This act of ‘glocal’ marketing has allowed the company to sell its own brand of American food, while staying in line with local laws and customs, as well as appealing to customer preference (and sentiment) for local delicacies.4

In India, Mcdonald’s serves Vegetable McNuggets and a mutton-filled Maharaja Mac, to cater to Hindu allowances. In Germany, Macca’s sells beer and Das Nürnburger, a triple Bratwurst sausage. Grilled salmon in Norway, Teriyaki burgers in Japan and in Australia, few are unaware of the “100% Australian beef” slogan that has graced hamburger wrappers for years*.

Google’s Home and Amazon’s Echo voice assistants both have Australian-accented voice assistants for a local audience, who not only understand the accent but can tell local jokes, speak ‘Strayan and understand cultural references.5 Aussie, aussie, aussie, Alexa?

And of course, while these examples are of large multinationals, there is no reason why an online retailer can’t emulate the approach with a relatively low-cost investment in a seamless, geo-specific online experience and culturally-targeted product offerings.


Yet another way to take part in international customer markets, often at significantly less cost, is to either bring international products home and rebrand them, or simply let the foreign market come to you.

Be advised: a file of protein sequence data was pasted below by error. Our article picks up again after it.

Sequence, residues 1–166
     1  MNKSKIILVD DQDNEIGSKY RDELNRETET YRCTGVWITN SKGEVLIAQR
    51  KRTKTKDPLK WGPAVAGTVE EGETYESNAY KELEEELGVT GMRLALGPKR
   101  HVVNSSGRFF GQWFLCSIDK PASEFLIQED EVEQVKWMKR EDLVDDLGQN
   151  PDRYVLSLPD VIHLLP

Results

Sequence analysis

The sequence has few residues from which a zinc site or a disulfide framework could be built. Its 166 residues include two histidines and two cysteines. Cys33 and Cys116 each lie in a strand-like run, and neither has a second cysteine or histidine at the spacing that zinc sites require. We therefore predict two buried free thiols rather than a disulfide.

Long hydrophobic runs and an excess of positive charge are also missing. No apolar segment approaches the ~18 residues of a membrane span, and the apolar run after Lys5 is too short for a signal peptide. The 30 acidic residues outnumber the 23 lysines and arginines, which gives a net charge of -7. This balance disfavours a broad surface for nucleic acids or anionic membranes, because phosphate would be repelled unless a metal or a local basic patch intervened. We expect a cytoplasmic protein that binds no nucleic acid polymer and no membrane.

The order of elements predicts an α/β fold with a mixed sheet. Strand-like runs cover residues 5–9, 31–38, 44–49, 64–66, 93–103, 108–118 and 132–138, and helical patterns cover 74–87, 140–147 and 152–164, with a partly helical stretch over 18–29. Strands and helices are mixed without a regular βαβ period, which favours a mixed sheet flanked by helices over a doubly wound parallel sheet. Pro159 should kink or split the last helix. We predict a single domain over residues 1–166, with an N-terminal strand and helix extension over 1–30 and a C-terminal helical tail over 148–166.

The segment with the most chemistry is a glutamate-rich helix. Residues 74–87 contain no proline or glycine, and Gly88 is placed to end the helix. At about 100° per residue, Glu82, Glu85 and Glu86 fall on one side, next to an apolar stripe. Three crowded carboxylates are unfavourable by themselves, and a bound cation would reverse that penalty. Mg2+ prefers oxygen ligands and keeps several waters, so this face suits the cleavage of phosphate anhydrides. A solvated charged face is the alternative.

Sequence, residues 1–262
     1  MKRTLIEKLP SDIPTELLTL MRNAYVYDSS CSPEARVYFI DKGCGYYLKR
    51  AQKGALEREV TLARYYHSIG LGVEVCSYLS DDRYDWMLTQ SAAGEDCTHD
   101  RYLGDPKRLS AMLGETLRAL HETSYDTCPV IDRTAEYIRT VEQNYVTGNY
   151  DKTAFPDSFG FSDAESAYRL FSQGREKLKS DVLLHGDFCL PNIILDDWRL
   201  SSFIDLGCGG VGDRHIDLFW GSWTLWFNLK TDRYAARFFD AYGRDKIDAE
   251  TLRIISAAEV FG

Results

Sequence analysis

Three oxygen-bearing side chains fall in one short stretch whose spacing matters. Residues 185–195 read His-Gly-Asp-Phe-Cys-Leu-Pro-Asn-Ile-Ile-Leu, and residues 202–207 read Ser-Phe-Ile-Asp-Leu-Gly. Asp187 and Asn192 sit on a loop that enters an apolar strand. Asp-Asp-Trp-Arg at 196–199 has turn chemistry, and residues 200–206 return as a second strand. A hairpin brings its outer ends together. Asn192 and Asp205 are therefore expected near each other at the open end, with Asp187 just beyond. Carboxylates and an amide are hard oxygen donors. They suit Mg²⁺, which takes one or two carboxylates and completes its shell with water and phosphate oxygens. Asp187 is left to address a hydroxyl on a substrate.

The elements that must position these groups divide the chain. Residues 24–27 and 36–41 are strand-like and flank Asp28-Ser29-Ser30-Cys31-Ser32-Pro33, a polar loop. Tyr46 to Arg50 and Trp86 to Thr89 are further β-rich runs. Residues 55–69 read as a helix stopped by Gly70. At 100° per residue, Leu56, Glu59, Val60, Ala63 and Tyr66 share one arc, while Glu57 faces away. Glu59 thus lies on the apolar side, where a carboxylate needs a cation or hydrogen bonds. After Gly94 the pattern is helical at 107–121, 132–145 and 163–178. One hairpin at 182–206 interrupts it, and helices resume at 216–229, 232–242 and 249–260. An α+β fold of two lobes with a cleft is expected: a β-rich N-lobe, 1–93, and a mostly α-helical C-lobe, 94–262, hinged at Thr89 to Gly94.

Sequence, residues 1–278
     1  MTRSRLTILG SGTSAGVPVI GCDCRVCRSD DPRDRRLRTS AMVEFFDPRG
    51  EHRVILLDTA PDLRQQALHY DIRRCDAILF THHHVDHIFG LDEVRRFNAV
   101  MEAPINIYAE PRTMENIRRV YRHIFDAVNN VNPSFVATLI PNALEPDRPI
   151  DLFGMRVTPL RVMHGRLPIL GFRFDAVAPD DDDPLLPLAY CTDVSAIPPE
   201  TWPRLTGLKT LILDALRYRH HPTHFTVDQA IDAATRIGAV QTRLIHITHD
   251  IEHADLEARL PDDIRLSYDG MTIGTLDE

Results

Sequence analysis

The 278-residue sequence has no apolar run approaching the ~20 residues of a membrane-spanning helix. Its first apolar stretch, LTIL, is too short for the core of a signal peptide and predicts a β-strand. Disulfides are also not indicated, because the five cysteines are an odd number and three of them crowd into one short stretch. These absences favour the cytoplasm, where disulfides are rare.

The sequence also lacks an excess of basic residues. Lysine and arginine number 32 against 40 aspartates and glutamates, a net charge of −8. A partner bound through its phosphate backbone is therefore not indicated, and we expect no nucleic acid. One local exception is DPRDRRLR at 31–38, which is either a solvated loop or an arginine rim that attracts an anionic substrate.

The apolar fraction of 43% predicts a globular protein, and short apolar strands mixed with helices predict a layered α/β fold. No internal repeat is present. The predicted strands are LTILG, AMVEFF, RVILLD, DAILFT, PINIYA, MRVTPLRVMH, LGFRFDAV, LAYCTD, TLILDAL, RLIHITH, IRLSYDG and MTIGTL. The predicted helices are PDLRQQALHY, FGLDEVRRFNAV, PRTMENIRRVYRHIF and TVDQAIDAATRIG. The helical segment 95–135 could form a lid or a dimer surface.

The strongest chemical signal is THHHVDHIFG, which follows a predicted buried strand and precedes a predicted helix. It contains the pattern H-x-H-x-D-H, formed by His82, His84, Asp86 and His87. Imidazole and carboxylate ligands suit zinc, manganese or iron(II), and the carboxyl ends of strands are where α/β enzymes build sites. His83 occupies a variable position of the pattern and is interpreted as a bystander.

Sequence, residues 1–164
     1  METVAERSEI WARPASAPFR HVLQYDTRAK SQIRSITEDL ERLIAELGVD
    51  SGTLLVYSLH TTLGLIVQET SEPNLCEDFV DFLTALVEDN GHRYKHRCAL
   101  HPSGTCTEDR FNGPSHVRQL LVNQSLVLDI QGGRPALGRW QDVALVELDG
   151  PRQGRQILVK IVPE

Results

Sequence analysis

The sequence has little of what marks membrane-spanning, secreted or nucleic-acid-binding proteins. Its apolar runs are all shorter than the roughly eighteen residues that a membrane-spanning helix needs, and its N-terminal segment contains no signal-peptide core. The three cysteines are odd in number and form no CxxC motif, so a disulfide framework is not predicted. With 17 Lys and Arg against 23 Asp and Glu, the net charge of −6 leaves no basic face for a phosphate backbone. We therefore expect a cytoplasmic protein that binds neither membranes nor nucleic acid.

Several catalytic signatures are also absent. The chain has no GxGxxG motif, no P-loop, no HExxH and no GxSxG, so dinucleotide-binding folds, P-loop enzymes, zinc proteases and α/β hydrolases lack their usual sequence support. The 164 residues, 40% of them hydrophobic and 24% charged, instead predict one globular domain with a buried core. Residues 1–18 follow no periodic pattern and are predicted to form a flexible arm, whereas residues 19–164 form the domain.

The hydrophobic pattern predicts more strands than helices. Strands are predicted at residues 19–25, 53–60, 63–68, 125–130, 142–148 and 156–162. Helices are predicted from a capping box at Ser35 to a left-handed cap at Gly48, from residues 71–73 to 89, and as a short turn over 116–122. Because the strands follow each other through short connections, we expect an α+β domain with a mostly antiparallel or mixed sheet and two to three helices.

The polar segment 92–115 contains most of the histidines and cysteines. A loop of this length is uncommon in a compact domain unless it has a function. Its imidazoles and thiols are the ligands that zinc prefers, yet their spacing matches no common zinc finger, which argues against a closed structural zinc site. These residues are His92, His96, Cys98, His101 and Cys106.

In a reversal of the international to local model, another example can be found, this time in Canberra. Shaw Vineyard has taken a step to sell its wine internationally, simply by being open to new ways of business6. In this instance, 25 year-old Tian Shuang uses her social media following (around a quarter of a million people in her home country of China) to ‘live-sell’ Australian products.

Based on her recommendations – and they are her personal recommendations, good and bad – Shuang live-streams her experiences, for example, sipping wine at the Shaw Vineyard via China’s online retailer TaoBao. According to vineyard owner Graeme Shaw, the personal approach of engaging new digital ways to access an overseas market is paying off. At a recent event, he sold over 100 bottles in two hours.

Think global,
act local

As digital technologies allow consumers to choose products from around the world, often at lower prices, with free shipping and 24 hour delivery, it’s no longer possible to remain local if a business is intending on ‘making it big’.

However, going global isn’t a one-size fits all task and there are many business models that allow access to the benefits of being an international seller.

An entirely new business model might be in order, but so too might be savvy marketing, personalisation of product offerings or embracing new ways of online selling.

So go on, get global.

* For what it’s worth, no, the rumours you heard as a kid aren’t true. Mcdonald’s didn’t create a company called “100% Australian Beef” to dupe the country into eating non-Australian meat while staying on the right side of truthful advertising. It’s a good story though.



John Riccio

John is a former partner at PwC Australia and the founder of Digital Pulse.